The Lost Years

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The sand trembled almost imperceptibly.

Soon, the disturbance became pronounced. The sand came alive, churning and shaking.

Within minutes, over 100 young turtles, barely 2 inches long, emerged and scurried toward the ocean.

Another generation of the Honu, or Hawaiian Green Sea Turtle, had just entered the world.

In the water, the turtles disperse immediately, entering “The Lost Years.” During this period, they face the vast ocean on their own.

Over many years, they gain experience, size and strength until their return to the shore (often to the place of their birth) to live out their adult lives.

The Lost Years are a time of preparation, learning, growing and adjusting to their environment to maximize their chance of survival.

Leaders also experience The Lost Years. For us, this isn’t infancy or childhood. Rather, it typically occurs during three distinct periods of our leadership lives.

These three periods share a questioning of what we are doing, why we are doing it and if it is actually significant. Are we in the right spot? Are we making a difference?

Period one is early in our careers. Emerging leaders enter the workforce, enthusiastically embracing their assignments. Then, life happens. Failures, job disappointments, people disappointments. And the questions begin.

Second is typically in mid-life. At this stage, a leader has worked diligently for years, has gained some level of success, and is raising their family. Externally, everything is good, maybe even great. Except for that nagging feeling inside that something is missing, and that you aren’t getting any younger.

Third, those retiring from the workforce are often disappointed. They were looking forward to less stress, and enjoying more activities with family and friends. But, emptiness begins creeping in. The excitement of their career is gone, yet they still have so much to offer. What to do?

How do we navigate these periods and emerge stronger on the other side?

I can’t provide you with specific answers since each journey is personal, but here are six questions that, if considered carefully, may give you some bright lines within which you can operate.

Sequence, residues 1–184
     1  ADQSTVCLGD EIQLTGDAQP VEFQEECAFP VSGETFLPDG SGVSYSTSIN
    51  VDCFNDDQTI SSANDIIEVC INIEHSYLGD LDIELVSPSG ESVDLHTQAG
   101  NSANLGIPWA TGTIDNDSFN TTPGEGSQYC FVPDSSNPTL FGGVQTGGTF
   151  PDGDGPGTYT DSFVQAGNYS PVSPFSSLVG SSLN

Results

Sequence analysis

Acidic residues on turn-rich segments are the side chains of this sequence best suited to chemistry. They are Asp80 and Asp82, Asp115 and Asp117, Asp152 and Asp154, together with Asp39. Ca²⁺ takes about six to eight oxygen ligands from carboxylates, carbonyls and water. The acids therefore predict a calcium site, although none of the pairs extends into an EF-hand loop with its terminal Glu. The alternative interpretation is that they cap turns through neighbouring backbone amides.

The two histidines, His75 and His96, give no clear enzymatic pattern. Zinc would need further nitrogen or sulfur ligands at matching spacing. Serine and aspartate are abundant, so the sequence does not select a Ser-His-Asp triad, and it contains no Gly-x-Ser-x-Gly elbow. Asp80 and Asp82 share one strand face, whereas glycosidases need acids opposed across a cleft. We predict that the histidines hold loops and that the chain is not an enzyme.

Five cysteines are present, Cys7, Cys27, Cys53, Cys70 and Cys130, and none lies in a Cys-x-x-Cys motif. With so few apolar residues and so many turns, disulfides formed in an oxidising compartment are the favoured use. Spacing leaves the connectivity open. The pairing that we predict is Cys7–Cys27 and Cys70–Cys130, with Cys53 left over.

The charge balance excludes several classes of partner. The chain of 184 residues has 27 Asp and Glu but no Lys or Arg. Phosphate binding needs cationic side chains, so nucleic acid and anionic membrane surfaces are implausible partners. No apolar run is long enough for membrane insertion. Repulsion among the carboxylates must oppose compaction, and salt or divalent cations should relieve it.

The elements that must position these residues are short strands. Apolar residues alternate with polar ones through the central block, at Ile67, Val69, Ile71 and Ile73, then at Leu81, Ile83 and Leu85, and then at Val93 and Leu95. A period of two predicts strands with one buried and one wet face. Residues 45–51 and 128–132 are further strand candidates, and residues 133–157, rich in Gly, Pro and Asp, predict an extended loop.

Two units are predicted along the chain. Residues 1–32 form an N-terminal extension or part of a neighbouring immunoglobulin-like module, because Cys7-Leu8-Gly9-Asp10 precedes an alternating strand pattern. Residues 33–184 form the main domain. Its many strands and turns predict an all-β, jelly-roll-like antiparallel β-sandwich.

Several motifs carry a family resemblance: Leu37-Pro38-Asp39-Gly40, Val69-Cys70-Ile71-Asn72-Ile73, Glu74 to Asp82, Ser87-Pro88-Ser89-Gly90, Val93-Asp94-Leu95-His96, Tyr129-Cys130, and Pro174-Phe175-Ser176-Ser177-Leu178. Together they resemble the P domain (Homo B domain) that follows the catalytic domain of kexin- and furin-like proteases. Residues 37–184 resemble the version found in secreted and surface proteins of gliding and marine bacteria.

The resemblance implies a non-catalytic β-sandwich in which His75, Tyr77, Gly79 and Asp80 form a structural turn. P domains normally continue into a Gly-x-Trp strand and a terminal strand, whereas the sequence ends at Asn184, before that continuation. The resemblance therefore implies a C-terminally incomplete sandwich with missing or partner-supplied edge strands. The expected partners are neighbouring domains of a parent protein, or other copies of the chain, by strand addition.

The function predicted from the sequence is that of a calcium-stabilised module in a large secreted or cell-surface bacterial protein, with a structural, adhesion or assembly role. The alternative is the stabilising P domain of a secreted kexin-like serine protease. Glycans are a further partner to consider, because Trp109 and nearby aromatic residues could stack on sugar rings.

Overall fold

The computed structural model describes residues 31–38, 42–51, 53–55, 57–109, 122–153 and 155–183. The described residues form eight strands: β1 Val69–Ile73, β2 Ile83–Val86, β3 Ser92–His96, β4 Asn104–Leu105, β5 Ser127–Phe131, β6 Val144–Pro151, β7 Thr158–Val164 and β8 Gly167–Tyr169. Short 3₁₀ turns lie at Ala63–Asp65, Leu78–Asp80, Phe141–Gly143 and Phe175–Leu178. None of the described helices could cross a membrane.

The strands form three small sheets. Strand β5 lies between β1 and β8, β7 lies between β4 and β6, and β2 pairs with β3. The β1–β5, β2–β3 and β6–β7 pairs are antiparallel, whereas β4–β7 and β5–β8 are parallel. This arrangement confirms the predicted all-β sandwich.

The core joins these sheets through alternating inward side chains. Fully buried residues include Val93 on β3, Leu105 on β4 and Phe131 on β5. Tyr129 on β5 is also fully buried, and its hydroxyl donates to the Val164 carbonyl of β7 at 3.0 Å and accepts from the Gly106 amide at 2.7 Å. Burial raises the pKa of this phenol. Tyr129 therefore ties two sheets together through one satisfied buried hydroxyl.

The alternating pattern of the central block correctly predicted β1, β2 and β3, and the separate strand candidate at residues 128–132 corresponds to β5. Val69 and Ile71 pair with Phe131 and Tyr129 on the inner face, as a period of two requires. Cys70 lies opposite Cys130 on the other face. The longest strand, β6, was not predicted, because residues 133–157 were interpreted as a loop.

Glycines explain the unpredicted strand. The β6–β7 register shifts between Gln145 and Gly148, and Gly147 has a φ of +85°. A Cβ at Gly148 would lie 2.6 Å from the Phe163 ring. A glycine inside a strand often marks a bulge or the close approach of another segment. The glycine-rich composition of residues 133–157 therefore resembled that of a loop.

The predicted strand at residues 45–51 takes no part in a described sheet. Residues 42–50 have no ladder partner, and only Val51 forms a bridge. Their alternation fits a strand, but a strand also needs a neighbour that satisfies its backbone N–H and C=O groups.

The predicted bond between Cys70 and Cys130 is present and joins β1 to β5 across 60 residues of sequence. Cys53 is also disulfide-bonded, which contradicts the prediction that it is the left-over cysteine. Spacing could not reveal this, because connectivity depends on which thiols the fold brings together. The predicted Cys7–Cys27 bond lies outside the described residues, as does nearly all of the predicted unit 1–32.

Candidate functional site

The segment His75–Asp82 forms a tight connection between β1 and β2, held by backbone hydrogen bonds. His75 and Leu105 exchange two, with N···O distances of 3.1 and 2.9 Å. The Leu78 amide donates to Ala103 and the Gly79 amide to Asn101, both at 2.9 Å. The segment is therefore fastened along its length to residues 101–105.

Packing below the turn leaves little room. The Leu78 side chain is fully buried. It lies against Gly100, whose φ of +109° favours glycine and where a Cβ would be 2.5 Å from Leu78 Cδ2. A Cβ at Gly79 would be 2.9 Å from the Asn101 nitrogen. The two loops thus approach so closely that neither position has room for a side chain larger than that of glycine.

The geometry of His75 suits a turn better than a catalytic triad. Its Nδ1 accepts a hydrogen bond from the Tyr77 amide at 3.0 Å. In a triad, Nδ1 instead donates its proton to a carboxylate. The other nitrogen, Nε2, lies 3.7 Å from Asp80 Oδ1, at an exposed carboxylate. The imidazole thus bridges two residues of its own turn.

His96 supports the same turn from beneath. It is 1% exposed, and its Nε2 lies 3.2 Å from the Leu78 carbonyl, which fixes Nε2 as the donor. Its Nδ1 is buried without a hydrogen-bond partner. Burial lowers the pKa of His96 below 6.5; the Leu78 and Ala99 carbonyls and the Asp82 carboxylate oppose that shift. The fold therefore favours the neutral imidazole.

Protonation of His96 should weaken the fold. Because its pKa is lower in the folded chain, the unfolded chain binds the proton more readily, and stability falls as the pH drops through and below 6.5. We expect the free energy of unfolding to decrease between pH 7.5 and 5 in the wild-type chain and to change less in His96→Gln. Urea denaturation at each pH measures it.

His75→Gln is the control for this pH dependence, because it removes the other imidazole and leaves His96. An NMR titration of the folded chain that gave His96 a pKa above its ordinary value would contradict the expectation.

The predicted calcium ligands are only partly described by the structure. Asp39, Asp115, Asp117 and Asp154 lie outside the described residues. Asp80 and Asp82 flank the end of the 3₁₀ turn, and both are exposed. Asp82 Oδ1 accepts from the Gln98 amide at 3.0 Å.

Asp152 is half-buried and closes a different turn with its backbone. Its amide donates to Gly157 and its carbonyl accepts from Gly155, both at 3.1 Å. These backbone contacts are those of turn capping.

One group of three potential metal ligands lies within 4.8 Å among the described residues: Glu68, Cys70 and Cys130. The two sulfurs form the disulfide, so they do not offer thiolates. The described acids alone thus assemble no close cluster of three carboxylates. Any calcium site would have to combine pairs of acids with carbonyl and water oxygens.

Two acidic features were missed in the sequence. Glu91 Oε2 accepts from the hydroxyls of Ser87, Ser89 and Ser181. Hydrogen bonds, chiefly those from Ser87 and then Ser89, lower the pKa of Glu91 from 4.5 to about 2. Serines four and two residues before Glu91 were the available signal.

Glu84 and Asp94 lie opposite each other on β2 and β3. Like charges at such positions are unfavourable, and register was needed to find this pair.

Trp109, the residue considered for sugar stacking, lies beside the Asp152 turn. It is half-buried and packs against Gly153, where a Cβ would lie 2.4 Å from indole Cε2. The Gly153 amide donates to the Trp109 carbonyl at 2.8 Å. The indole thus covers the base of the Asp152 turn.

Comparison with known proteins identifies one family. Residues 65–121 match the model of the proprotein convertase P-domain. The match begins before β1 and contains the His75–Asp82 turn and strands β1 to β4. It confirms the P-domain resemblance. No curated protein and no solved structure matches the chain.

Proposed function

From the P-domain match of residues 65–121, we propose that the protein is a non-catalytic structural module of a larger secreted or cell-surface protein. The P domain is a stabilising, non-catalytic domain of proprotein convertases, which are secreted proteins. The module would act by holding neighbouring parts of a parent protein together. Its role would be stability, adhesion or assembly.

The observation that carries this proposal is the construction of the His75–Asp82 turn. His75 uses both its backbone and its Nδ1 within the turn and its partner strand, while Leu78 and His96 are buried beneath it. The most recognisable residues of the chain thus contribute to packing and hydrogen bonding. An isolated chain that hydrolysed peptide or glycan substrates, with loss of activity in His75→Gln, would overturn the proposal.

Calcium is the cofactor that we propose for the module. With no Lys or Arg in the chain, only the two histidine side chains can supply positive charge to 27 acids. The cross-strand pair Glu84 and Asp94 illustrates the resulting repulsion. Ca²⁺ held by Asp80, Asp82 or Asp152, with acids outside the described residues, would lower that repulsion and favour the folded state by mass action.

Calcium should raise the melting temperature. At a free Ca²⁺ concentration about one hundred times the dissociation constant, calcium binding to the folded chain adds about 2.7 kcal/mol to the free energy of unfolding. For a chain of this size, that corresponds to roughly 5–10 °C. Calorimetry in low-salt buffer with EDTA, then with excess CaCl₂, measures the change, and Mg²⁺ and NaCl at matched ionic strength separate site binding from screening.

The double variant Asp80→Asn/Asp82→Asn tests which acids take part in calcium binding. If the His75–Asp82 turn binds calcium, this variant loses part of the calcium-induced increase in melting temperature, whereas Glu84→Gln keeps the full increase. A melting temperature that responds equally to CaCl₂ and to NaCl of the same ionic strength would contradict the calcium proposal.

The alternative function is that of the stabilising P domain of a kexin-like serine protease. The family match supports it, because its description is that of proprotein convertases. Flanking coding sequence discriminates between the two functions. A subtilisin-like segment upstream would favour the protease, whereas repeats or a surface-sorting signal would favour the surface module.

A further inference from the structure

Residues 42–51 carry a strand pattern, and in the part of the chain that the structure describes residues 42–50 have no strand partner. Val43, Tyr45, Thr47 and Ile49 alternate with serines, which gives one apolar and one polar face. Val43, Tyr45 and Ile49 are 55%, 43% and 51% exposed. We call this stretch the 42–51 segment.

One – is this just a speed bump or a major course correction? Fatigue makes cowards of us all, as Vince Lombardi once said, and so does discouragement. Take some time to see how things unfold. If your angst still continues, pursue it further.

Two – what are your top 3 to 5 strengths? We are most likely to thrive when we are operating from our deepest areas of strength.

Three – what burdens you? What is on your heart that pushes you to strive or excel? Another way to ask this is what is your “Why”? Aligning your strengths to your why fosters a powerful sense of purpose.

Four – what causes you stress, discomfort or anxiety? Our behavior and coping mechanisms change when we are under extreme or prolonged stress. This is called our direction of “disintegration.” Some situations aren’t for you. If you are in one, make a change.

Five – In what environments do you thrive? This is the opposite side of the #4 coin, and is called our direction of “integration.” Seek out situations where you can be yourself and authentically exercise your gifts.

Six – what has your life story taught you thus far? What are the common threads throughout your story that might help inform your next steps?

Mindfully considering these questions and making informed course corrections will help you avoid or navigate your Lost Years more quickly.

And most likely lead to more satisfaction and impact down the road.

Meet “Seymore” – an adult Honu. He came up for a nap on the sand while I was on Baby Beach in Maui. The Honu is a protected species, and you are not allowed to disturb them in any way or approach them any closer than 10 feet. His name, as given by my friend Gina, is due to the fact that he moves so slow that he can “see more” than the rest of us who are always in a hurry.

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